A lot of significant history was made in the year 1917 in the United States. One hundred year later, this historic year is commemorated in museums, history broadcasts, news feature stories and more. The focus seems to only acknowledge the United States entry into World War I. War is generally the top story in history books. For the 116,566 American men who shipped across the ocean, never to come back, it certainly was significant. And, it impacted the 116,566 American families that mourned their loss.

Nineteen seventeen was also an incredible year for women’s rights progress in the United States. The plans made in 1916, and executed in 1917 led the way to the ratification, three years later, of the 19th amendment to the U.S. Constitution, giving women nationwide the right to vote.

I recently attended a lecture talking about 1917 and Woodrow Wilson. My interest in this talk was to learn more about Wilson, as he was president when votes for women was finally made part of the US Constitution with the passage of the 19th Amendment.

During the talk, the gentleman presenting mentioned that Wilson backed women’s suffrage but it really was “not such a big deal” to get the federal amendment into the constitution, as women already had the vote in many individual states.
Hold on! This is a bit of “truthiness”, but not exactly factual.

At the beginning of 1917, American women had full voting rights in 11 states or 23 % of the 48 states in the Union. Seven million women could vote, and another 20 million were without voting rights. And those 11 states were incredibly hard won victories over decades.
This memorable year saw the first White House non violent protests, the first seating of a woman in Congress, and the first electoral vote-rich, Eastern state, New York, to give women the right to vote.

On January 10th, suffragist leader Alice Paul led the first of the many protests in front of the White House.

Called “Silent Sentinels”, these women carried
cloth banners with words, often quotes from President Wilson. This was the first known organized picketing of the White House.
“How Long Must Women Wait for Liberty” was the first banner message.

The first female member of Congress, Jeannette Rankin, Republican from Montana,
was seated in the House of Representatives on March 4, 1917.

She was also a pacifist.
Not many Republicans call themselves pacifists today.

When Wilson declared war on Germany in April, 1917, a debate raged within the women’s movement. Should demonstrations and political pressure cease and energies be directed to help with the war effort? Suffragist leaders Alice Paul and Carrie Chapman Catt wanted the federal amendment to the constitution, but they differed on tactics and the response to the war.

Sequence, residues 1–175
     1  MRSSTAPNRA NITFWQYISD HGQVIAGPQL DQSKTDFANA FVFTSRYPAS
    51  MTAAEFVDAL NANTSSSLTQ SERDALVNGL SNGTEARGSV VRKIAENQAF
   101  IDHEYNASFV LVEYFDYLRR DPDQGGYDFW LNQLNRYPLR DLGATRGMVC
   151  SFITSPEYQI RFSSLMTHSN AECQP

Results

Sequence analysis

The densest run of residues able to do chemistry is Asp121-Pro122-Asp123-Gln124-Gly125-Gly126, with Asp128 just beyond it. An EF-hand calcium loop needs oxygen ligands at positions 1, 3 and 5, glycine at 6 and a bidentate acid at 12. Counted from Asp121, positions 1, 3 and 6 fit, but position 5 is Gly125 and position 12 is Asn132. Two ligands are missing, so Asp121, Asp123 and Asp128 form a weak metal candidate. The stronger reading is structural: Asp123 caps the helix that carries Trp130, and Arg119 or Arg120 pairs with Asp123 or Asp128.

For Alice Paul, the answer was clear. She knew what had happened in the 19th century during the Civil War when Susan B. Anthony and Elizabeth Cady Stanton gave up their women’s rights activism to roll bandages in an effort to do their duty as good citizens during wartime. After the war, the women were told it was not their turn to have the vote, that the freed male slaves came first. Paul was determined in 1917 to keep up the pressure during wartime.

Carrie Chapman Catt, who headed up the National American Women Suffrage Association,

had the ear of the president and she believed in strongly backing Wilson in the war effort.
Even though she personally was a pacifist, she saw value in cultivating Wilson’s support
for women’s suffrage.

Catt had a battle plan for the passage of the suffrage amendment to the constitution. She kept her ‘army’ of 2 million women in every state engaged in the effort, poised and ready to take on the role of ratification state by state, once the federal amendment could make it through congress.

The women in Alice Paul’s camp, The National Women’s Party, continued the White House protests even after war commenced. Many in the public thought these women protesters were disrespectful during a time of war. The protestors were hassled, jostled, grabbed, and ultimately arrested. They were thrown into a Virginia work house with terrible conditions. These protests and reprisals gave the women’s suffrage cause much needed attention in the press and the public mind.
Eventually, Alice Paul herself was jailed in October 1917. She went on a hunger strike, was force fed, and thrown into the psychiatric hospital in an attempt to declare her insane. Word leaked out about the women’s treatment and it became a huge point of embarrassment for Wilson.

On November 6, New York State gave women the right to vote. This was important, as this was the first east coast state with a huge cache of electoral votes to give women voting rights. All of the earlier states to give women the right to vote were mostly low population Western states. Other international women’s suffrage victories happened in 1917. The Russian Revolution gave Russian women the right to vote, and Canada granted female suffrage. These two countries’ actions gave a sense of inevitability to the worldwide women’s suffrage cause.

Under pressure from both Paul and Catt, Wilson finally went to Congress and asked them to support the federal amendment as a war measure. “We have made partners of the women in this war. Should we admit them only to a partnership of suffering and sacrifice and toll and not to a partnership of privilege and right?”

Finally, after 41 years of women petitioning Congress, on June 4, 1918, the 19th amendment had passed both houses of Congress and it moved to ratification by the states.

Let’s Celebrate Our History!